C-c C-a
Automatic Proof Search (Auto)
C-c C-c
Case split
C-c C-h
Compute type of helper function and add type signature to kill ring (clipboard)
C-c C-t
Goal type
C-c C-e
Context (environment)
C-c C-d
Infer (deduce) type
C-c C-,
Goal type and context
C-c C-.
Goal type, context and inferred type
C-c C-;
Goal type, context and checked term
C-c C-o
Module contents
C-c C-n
Compute normal form
C-u C-c C-n
Compute normal form, ignoring abstract
C-u C-u C-c C-n
Compute and print normal form of show <expression>

Other commands

Indent current line, cycles between points
Indent current line, cycles in opposite direction
Go to definition of identifier under point
Middle mouse button
Go to definition of identifier clicked on
Go back (Emacs < 25.1)
Go back (Emacs ≥ 25.1)

Unicode input

How can I write Unicode characters using Emacs?

The Agda Emacs mode comes with an input method for easily writing Unicode characters. Most Unicode character can be input by typing their corresponding TeX/LaTeX commands, eg. typing \lambda will input λ. Some characters have key bindings which have not been taken from TeX/LaTeX (typing \bN results in being inserted, for instance), but all bindings start with \.

To see all characters you can input using the Agda input method type M-x describe-input-method RET Agda or type M-x agda-input-show-translations RET RET (with some exceptions in certain versions of Emacs).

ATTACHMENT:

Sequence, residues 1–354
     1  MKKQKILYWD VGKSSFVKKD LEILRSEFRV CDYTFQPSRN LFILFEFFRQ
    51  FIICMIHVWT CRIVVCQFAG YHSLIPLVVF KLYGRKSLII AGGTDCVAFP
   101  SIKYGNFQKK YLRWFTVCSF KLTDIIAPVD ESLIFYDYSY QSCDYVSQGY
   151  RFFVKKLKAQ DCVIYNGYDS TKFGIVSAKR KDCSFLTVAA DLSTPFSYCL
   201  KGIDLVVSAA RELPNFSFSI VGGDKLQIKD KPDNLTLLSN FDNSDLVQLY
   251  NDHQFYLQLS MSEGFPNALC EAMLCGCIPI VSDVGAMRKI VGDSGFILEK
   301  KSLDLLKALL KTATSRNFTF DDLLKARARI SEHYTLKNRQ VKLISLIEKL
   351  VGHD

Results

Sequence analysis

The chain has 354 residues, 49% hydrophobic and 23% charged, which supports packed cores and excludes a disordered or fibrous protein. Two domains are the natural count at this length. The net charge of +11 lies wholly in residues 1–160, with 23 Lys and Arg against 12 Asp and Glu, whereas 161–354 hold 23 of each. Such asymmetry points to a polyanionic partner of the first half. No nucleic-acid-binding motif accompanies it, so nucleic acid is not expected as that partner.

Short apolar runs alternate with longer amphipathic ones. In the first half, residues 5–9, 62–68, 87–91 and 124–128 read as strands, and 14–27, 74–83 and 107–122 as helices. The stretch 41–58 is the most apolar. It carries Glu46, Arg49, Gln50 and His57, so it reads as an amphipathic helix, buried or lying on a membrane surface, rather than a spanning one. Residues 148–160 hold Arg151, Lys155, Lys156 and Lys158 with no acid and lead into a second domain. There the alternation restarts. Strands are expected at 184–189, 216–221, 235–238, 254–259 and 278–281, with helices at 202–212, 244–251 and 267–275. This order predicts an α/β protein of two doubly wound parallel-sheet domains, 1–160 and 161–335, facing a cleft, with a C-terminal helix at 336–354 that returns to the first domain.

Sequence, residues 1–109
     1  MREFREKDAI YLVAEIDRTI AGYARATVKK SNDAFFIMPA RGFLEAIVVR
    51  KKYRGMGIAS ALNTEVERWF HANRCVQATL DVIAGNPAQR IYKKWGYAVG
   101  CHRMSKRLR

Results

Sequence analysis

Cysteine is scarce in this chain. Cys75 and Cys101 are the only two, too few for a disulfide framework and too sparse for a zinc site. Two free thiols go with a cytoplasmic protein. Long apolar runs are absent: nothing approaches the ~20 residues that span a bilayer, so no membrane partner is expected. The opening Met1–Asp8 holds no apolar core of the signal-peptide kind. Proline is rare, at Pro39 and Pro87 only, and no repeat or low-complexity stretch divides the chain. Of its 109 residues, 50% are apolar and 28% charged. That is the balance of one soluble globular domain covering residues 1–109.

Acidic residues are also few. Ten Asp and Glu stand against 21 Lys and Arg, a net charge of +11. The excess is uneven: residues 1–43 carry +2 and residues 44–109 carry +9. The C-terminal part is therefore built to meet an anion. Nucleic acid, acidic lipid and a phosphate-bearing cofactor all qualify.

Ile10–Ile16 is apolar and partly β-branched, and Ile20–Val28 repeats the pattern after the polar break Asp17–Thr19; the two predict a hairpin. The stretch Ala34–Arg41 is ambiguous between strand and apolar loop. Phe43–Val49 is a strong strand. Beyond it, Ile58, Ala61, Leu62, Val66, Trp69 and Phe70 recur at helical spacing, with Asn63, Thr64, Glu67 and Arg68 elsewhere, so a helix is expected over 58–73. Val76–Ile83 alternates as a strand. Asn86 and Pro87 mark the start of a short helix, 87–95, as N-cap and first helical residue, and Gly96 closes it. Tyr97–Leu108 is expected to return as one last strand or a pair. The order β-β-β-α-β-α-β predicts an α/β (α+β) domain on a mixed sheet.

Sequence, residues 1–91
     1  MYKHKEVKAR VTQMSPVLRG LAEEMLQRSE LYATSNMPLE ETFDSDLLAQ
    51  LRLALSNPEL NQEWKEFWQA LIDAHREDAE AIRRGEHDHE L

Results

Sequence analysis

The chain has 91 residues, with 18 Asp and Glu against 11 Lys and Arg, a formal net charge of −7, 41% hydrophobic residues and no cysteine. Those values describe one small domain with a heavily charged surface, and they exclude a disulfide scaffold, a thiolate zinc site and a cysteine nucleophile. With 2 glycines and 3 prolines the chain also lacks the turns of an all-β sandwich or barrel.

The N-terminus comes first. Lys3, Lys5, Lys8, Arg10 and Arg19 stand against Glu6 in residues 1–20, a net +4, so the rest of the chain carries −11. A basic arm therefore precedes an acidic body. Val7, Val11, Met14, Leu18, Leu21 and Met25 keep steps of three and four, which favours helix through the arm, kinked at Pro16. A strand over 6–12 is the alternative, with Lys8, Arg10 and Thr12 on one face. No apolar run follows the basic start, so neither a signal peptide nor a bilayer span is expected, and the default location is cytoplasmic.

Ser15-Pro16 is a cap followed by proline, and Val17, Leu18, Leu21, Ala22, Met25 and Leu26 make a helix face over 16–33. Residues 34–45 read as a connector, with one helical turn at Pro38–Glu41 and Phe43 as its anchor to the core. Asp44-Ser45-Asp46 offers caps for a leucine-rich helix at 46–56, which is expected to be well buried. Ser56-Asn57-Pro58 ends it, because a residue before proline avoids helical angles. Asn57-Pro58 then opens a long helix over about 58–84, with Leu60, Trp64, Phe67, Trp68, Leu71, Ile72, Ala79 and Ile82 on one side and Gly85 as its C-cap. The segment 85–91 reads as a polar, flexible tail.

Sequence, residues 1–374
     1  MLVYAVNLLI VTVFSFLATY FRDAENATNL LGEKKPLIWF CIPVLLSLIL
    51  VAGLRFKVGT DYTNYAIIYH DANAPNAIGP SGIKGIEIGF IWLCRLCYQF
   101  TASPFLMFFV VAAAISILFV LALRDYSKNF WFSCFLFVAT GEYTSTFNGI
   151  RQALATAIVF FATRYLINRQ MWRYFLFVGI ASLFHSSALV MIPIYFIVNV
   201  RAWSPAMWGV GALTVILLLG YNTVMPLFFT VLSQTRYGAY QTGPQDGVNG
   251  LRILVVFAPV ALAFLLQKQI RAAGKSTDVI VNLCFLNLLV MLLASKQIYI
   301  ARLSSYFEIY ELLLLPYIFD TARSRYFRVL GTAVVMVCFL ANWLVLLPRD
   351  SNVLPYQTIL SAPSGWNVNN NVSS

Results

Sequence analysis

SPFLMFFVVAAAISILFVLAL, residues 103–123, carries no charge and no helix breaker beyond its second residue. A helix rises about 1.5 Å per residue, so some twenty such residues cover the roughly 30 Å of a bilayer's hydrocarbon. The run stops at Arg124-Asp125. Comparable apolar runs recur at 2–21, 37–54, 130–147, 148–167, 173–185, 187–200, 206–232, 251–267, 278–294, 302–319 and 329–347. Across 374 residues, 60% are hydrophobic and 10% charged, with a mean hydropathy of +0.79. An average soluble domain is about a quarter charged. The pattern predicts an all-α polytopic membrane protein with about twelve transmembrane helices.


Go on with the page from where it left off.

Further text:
If you know the Unicode name of a character you can input it using M-x ucs-insert RET (which supports tab-completion) or C-x 8 RET. Example: Type C-x 8 RET not SPACE a SPACE sub TAB RET to insert the character “NOT A SUBSET OF” ().

(The Agda input method has one drawback: if you make a mistake while typing the name of a character, then you need to start all over again. If you find this terribly annoying, then you can use Abbrev mode instead. However, note that Abbrev mode cannot be used in the minibuffer, which is used to give input to many Agda and Emacs commands.)

The Agda input method can be customised via M-x customize-group RET agda-input.

OK, but how can I find out what to type to get the … character?

To find out how to input a specific character, eg from the standard library, position the cursor over the character and type M-x describe-char or C-u C-x =.

For instance, for I get the following:

            character: ∷ (displayed as ∷) (codepoint 8759, #o21067, #x2237)
    preferred charset: unicode (Unicode (ISO10646))
code point in charset: 0x2237
               script: symbol
               syntax: w      which means: word
             category: .:Base, c:Chinese